Corporate & Business Tax

Changes to Ontario Employer Health Tax (EHT) Effective January 1, 2014

The EHT is a payroll tax imposed pursuant to the Employer Health Tax Act on all employers who have a permanent establishment in Ontario.  An exemption from the EHT is available for eligible employers (or an associated group of employers) such as:

  • private sector employers;
  • organizations that receive financial assistance from the government (but are not under government control); and
  • crown corporations subject to tax under Part I of the Income Tax Act (Canada).

Prior to January 1, 2014, the annual exemption is available on the first $400,000 of an eligible employers’ payroll (or an associated group of employers), regardless of the size of the employer or the associated group of employers.  Any payroll over the exemption threshold amount is subject to the EHT at 1.95%.

The proposed legislation (Bill 105) introduced by the Ontario government to implement changes to the EHT exemption for eligible employers was approved by the Ontario Legislature on December 12, 2013.  Thus, the following changes to the Ontario EHT are effective January 1, 2014:

  • The exemption threshold amount is increased from $400,000 to $450,000, which will provide small businesses with greater EHT relief of up to $975[1] per year;
  • The exemption threshold amount is adjusted for inflation every 5 years using the Ontario Consumer Price Index; and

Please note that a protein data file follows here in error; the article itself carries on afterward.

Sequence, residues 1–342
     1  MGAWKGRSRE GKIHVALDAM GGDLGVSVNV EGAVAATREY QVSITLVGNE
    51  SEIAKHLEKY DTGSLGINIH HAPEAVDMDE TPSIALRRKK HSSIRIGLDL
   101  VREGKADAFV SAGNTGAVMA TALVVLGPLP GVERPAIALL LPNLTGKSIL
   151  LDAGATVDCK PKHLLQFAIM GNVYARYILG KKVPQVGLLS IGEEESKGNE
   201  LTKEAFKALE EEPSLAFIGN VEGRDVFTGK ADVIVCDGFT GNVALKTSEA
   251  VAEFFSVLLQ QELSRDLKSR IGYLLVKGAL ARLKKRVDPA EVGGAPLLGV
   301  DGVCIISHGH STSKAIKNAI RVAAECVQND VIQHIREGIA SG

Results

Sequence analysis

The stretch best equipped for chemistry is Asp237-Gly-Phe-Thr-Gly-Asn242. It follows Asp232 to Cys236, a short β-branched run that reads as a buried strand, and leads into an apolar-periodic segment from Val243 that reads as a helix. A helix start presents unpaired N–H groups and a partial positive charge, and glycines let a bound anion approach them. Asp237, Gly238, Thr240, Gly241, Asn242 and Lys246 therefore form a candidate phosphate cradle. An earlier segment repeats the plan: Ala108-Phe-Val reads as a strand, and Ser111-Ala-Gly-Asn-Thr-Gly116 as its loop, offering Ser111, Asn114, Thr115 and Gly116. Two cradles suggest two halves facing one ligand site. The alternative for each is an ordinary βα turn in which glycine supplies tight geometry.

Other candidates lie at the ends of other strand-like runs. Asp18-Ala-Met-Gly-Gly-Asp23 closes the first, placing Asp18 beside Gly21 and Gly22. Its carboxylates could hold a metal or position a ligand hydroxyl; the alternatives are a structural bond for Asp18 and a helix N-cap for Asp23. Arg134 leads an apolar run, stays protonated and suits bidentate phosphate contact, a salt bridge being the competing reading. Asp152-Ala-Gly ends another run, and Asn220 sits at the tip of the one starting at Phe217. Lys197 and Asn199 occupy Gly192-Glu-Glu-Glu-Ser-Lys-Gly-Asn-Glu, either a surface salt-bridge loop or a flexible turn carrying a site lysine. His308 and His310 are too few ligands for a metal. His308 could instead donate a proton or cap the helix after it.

• The EHT exemption is eliminated for private sector employers (or an associated group of employers) with annual Ontario payrolls over $5 million.  This change results in larger employers paying additional EHT of $7,800[2] – $8,775[3] per year.  Registered charities including those with payrolls over $5 million continue to be eligible for the exemption.

If your business pays EHT in instalments, you would adjust your instalments in 2014 to account for these changes.


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The article is not intended to provide advice, recommendations or offers to buy or sell any product or service. The information provided in this article is compiled from our own research and is based on assumptions that we believe to be reasonable and accurate at the time the article was written, but is subject to change without notice. Readers are encouraged to contact us for further details or analysis relevant to their particular circumstances. Readers should not rely on this article without seeking professional advice on any Canadian tax matters.



[1]              $975 = $50,000 * 1.95%
[2]              $7,800 = $400,000 * 1.95%
[3]              $8,775 = $450,000 * 1.95%


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